States News Roundup

Article Tools
  • PrintPrinter-Friendly
  • EmailEmail Article
  • ReprintReprints
  • CommentsComments

Eight candidates have filed to challenge Wilson C. Riles in his attempt this year to win re-election for a fourth four-year term as California's state superintendent of public instruction.

Mr. Riles is also president of the Council of Chief State School Officers.

The official list of candidates for the June 8 primary election was released last week. The challengers are Janet L. Allen, an educator and businesswoman, Sutter Creek; Jeanne Baird, "educational/creative adviser," Los Angeles; Richard E. Ferraro, member of Los Angeles board of education, former Los Angeles high school teacher, and instructor at the University of Southern California, Los Angeles; Bill Honig, member of the California state board of education and superintendent of the Reed elementary school district in Marin County; Myron Lieberman, education writer, school-board negotiator, and former professor of education at the City University of New York and the University of Southern California, Modesto; Georgia Marshall, principal of the Jane Addams Elementary School in the Lawndale elementary school district, Redondo Beach; Daniel Nusbaum, educator and musi-cian, Long Beach; and Gene Prat, former administrator at San Fransico State University, former chief of staff to Senator S.I. Hayakawa and a former education adviser to President Reagan, San Francisco.

If none of the candidates receives more than 50 percent of the votes in the primary, the two candidates with the largest number of votes will face each other in the general election on Nov. 2.

The state of Indiana must pay for the busing of students in order to desegregate Indianapolis-area schools, a federal appellate court has ruled.

The state legislature, in merging Marion County's municipal governments--but leaving its school districts intact--helped to create racial segregation in the Indianapolis city schools and surrounding suburban districts, ruled a three-judge panel of the U.S. Court of Appeals for the Seventh Circuit. Therefore, the judges said in a 2-1 opinion, the state must bear the cost of busing approximately 5,500 black children from city neighborhoods to six suburban districts.

Indiana plans to ask the Supreme Court to review the decision, which upheld an order by U.S. District Judge Hugh Dillin. State officials estimate the cost could run as high as $12 million this year.

The Seventh Circuit's decision, in the 14-year-old case called U.S. v. Board of School Commissioners, came within two weeks after the Supreme Court let stand another appellate court's ruling on state liability in busing cases. In that case, the U.S. Court of Appeals for the Sixth Circuit had found Ohio partially liable for past segregation in the Cleveland and Columbus schools.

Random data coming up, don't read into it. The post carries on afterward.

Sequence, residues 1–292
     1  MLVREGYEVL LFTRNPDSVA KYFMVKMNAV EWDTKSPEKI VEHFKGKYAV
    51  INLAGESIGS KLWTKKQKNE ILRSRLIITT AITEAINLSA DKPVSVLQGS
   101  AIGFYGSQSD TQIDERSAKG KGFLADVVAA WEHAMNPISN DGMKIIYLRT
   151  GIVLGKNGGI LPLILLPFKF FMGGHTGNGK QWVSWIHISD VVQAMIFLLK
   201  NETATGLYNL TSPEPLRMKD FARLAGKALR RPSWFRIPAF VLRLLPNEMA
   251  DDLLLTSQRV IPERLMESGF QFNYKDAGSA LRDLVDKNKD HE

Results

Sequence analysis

Anne Campbell, Nebraska's commissioner of education, has announced that she will retire after nearly eight years in the post.

"I just think there comes a time" to leave, said Ms. Campbell. She is expected to retire by the end of 1982.

Since her days as a county superintendent earlier in her career, Ms. Campbell has promoted consolidation of small schools--a controversial position in her rural state.

The commissioner is past president of the Council of Chief State School Officers, a former president of the American Association of University Women, and former chairman of the Agency for Instructional Television. Before being appointed commissioner in 1975, she also worked for the Lincoln public schools and for the University of Nebraska.

Ms. Campbell is also a member of Secretary of Education Terrel H. Bell's National Commission on Educational Excellence and of a national panel that is studying secondary education under the auspices of the Carnegie Foundation for the Advancement of Teaching.

"I would hope that I brought some credibility and integrity," Ms. Campbell said, to the schools' "march toward excellence and equity."

The state board, which will appoint Ms. Campbell's successor, has not yet begun a formal search for a new commissioner.

After years of imposing special curricular requirements on schools, Oklahoma's Senate has endorsed a "back-to-basics" plan.

The Senate approved a measure that would require a minimum amount of instruction in basic skills and would allow districts to choose whether they will offer certain other subjects that are now mandatory.

The Senate's plan, contained in amendments to House Bill 1816, is next scheduled for House review.